It is okay to be wrong about your Software Architecture

Christoph Brand

Let’s face it, we all make mistakes. This is true for all humans and especially Software Engineers. We as engineers managed to shut down the F-22 Raptor fighter jet when it crossed the date line in mid flight and crashed a 370 million dollar rocket.

Most of us build software which doesn’t destroy rockets or planes. Your work, however, is still very important. We build all manner of things: From data processing pipes to web shops. What’s the most important thing to get right here? Most people would say the Software Architecture. 

But let’s be serious: In most software projects you have so many unknowns that it is next to impossible to nail it right away. What’s the feature set you need to support after 3 years of service? How many users do access the system simultaneously? What kind of legal framework do you need to support when the European Union strengthens the privacy of your users? We just don’t know.

This doesn’t mean of course that you shouldn’t be diligent about your architectural choices. Use the best effort principle and build the best possible design for the requirements you know and the skill set you have. However, also minimize the cost of errors in judgement and unknowns by designing your architecture so it can be easily adjusted to new circumstances.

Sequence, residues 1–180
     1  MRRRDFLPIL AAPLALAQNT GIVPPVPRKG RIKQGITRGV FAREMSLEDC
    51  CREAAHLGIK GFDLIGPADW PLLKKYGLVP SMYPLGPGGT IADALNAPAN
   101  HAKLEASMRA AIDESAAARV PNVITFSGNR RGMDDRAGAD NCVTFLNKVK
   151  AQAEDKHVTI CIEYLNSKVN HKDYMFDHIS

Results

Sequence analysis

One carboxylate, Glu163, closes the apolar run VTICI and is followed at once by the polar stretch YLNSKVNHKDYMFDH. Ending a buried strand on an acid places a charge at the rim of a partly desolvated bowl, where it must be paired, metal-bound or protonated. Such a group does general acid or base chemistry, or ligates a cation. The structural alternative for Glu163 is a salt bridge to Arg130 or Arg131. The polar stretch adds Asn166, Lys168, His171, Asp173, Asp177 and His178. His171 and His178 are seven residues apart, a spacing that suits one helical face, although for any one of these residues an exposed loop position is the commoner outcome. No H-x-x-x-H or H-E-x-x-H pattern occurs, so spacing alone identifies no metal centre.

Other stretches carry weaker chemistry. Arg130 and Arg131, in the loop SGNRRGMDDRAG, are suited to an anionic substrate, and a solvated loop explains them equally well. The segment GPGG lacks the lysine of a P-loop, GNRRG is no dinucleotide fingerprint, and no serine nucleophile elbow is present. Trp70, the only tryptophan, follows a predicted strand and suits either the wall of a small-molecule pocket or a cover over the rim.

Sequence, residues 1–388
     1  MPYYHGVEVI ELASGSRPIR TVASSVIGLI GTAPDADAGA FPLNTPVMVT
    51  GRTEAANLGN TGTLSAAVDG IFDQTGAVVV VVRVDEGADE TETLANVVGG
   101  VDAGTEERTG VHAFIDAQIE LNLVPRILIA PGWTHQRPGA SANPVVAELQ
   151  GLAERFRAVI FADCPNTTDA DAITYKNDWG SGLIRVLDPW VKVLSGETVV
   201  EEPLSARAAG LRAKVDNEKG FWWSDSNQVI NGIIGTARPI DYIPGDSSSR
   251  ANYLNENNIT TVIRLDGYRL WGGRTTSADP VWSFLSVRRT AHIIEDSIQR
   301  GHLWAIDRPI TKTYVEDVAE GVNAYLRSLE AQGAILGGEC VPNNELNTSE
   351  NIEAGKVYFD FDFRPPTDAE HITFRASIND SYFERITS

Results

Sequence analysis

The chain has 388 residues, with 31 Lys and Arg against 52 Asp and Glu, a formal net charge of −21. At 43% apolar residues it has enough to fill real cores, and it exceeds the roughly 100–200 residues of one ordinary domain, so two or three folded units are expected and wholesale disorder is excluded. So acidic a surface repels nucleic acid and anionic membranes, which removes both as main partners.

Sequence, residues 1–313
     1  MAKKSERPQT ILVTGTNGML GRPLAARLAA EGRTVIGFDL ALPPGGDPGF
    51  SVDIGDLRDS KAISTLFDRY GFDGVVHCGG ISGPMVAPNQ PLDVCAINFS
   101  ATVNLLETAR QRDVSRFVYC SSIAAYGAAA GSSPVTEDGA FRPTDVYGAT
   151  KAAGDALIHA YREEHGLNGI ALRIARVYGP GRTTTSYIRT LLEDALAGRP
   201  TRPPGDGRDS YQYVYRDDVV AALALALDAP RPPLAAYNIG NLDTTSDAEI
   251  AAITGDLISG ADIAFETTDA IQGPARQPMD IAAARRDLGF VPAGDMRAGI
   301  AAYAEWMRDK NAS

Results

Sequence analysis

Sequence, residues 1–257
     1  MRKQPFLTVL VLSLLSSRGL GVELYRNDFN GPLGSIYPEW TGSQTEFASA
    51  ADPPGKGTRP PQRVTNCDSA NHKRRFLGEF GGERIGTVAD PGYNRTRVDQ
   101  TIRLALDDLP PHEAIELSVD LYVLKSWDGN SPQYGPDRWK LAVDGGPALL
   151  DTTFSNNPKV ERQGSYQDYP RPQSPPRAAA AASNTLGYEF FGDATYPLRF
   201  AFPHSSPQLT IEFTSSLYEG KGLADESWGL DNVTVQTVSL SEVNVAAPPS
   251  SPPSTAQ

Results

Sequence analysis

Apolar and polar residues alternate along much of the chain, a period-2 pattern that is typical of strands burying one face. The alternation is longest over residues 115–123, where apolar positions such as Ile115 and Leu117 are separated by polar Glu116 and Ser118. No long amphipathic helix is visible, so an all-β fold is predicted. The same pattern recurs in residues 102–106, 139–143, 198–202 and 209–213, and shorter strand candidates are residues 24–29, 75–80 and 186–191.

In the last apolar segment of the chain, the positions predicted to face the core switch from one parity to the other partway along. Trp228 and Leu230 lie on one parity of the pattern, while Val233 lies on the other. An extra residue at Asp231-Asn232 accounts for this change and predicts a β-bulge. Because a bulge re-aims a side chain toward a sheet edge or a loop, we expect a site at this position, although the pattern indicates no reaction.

In recent history we as a community have achieved to build frameworks which make this plausible. Monolithic systems have been replaced by Microservices. Small execution units with a well known API and their individual tech stack. Technology has enabled us to decouple data from the persistence layer, for example by using Event Sourcing as a core building principle. 

These modern tech stacks allow you to design a system which makes it comparatively easy to  handle change and thus fix design issues in your architecture. If you realize that your time series database is consuming too much memory you can fix this without any downtime: 

First, create a new service which handles the data and use another time series database. Make sure that the service has the same API as the one relying on the memory hungry previous database. After you’ve done that, run both services at the same time and populate the new database from your event bus via the newly created service. Finally, reroute all traffic to the new service, remove the old one, and be happy that you have designed your architecture to not be set in stone.

My point is this: Be aware that stuff might change, and do never think that your first shot on a problem is the best and correct one. Be aware that you make mistakes instead and let this be the core principle when you design Software Architectures which are planned to support applications which need to run and be maintained for more than three months. Build and design your software for change.

Written by
Christoph Brand

Christoph is a Software Engineer and Co-Founder at XCNT. He enjoys talking about technical concepts and tries to find the perfect fit for business requirements onto the right technical solution. When he's not building the next software he enjoys explaining the benefits of traveling around Germany by train (instead of taking the plane) over a good beer.

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